According to artist Betye Saar, the process of creating is a ritual or “prescribed series or set of acts”.
Rituals tend to define our rites of passage. They become markers for transitions in our lives; the symbols for leaving one state of being and entering another. These photographs of my grandparents are my attempt to investigate the ageing process. How does their transformation reflect onto my own view of self? The act of photographing and the pictures themselves become meditations, or rituals, on what it means to be part of the human experience, from birth into death. What happens when we get old? What will we remember? And forget? What happens to our skin? What happens to our surroundings? Who will be there to help us? By watching the daily rituals of my 95-year-old grandfather and 82-year-old grandmother, I am allowing these questions to sit and breathe inside of me. It is through their life and image that I have the courage to answer these questions for myself.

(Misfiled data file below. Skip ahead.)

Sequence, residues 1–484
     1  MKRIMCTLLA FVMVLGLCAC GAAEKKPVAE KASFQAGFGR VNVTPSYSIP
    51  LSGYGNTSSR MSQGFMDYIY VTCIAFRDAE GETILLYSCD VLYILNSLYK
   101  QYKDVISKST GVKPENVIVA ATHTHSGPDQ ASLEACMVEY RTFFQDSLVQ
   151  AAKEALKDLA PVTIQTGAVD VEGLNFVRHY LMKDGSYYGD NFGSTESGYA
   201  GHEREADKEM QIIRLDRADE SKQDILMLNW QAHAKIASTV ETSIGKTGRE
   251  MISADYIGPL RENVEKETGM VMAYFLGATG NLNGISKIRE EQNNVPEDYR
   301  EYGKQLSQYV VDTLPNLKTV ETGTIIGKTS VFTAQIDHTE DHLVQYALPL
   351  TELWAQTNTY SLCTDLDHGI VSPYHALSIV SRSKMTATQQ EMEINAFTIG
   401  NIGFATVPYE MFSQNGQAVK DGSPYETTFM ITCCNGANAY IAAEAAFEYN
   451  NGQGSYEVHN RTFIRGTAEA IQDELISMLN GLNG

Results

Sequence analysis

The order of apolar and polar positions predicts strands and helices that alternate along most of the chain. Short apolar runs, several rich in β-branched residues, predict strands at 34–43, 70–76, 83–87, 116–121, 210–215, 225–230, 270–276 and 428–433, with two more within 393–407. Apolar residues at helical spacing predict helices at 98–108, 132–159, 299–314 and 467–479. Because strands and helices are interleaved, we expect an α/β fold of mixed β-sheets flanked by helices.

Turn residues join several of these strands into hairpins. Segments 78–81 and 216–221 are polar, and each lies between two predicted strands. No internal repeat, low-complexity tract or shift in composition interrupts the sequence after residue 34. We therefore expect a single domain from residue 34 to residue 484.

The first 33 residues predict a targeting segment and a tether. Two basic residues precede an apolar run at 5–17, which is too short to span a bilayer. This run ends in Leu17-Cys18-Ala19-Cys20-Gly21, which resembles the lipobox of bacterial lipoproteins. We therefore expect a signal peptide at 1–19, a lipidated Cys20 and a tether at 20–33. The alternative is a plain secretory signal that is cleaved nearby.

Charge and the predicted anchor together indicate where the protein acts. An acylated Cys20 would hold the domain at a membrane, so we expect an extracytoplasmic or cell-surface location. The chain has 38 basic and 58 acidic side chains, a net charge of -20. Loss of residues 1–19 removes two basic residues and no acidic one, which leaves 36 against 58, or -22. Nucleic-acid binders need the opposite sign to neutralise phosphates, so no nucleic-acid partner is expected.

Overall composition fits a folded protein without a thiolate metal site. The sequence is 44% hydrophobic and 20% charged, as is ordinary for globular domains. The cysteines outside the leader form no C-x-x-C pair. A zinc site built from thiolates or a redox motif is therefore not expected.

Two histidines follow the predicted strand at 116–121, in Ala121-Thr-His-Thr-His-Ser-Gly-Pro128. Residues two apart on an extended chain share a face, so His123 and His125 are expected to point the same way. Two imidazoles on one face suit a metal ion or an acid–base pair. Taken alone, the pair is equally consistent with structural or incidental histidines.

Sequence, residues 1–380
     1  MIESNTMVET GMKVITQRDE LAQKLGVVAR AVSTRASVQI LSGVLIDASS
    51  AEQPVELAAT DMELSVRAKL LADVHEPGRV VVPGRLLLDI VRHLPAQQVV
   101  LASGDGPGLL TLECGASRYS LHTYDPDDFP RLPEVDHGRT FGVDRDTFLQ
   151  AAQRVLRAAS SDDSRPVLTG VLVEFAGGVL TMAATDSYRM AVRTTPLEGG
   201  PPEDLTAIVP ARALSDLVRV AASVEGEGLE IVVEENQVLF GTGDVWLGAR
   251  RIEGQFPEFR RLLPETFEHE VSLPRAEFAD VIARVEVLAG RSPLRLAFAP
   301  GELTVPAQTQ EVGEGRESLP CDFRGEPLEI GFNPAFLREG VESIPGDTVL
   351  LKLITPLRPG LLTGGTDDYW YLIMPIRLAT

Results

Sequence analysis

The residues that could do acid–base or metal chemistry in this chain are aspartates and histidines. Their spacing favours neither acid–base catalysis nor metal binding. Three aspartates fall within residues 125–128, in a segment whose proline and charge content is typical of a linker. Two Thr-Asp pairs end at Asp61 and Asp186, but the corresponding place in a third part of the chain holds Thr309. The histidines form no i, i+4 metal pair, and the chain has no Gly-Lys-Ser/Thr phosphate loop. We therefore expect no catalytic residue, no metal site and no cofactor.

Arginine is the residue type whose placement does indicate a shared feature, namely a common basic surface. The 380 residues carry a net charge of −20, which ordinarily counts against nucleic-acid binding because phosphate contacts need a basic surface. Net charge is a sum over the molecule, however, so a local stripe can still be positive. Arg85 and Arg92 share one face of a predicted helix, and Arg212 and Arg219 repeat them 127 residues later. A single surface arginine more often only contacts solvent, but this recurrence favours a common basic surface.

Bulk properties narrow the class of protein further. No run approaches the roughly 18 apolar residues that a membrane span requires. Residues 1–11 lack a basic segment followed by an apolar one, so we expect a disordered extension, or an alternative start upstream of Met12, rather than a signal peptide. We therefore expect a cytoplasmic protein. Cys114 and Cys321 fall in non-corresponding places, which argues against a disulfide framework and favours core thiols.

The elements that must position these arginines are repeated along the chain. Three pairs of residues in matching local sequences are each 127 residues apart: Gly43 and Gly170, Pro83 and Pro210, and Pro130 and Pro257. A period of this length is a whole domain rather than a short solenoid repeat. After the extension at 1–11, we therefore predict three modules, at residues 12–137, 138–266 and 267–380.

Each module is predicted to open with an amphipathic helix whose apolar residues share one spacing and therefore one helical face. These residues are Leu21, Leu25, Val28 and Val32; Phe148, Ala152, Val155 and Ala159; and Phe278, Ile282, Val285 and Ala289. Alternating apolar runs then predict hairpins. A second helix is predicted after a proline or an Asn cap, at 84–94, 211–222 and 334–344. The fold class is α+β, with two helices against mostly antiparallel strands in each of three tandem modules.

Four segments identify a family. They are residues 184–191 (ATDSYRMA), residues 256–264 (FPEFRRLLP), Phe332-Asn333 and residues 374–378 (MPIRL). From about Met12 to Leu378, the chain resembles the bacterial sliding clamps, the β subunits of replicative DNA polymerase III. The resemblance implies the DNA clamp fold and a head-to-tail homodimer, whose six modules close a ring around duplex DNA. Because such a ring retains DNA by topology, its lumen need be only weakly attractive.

Amalia Mendez earned her Bachelor of Arts from Wesleyan University and is a 2006 MFA candidate at Rhode Island School of Design, where she has been awarded a Presidential Scholarship. Mendez has worked as a staff photographer for Newsday, El Diario/La Prensa, and interned at the Village Voice. Her work was featured in Photo District News 2001 30 under 30 issue, awarded first place in the Women’s Press Photographers Association in 2004, and has shown her work at the Zilka Gallery in Middletown, CT. Additionally her photographs have been published in the New York Times, Mother Jones Magazine, New York Magazine, the Daily News, and City Limits Magazine. She has lectured at Rhode Island School of Design, International Center of Photography, and the Columbia School of Journalism.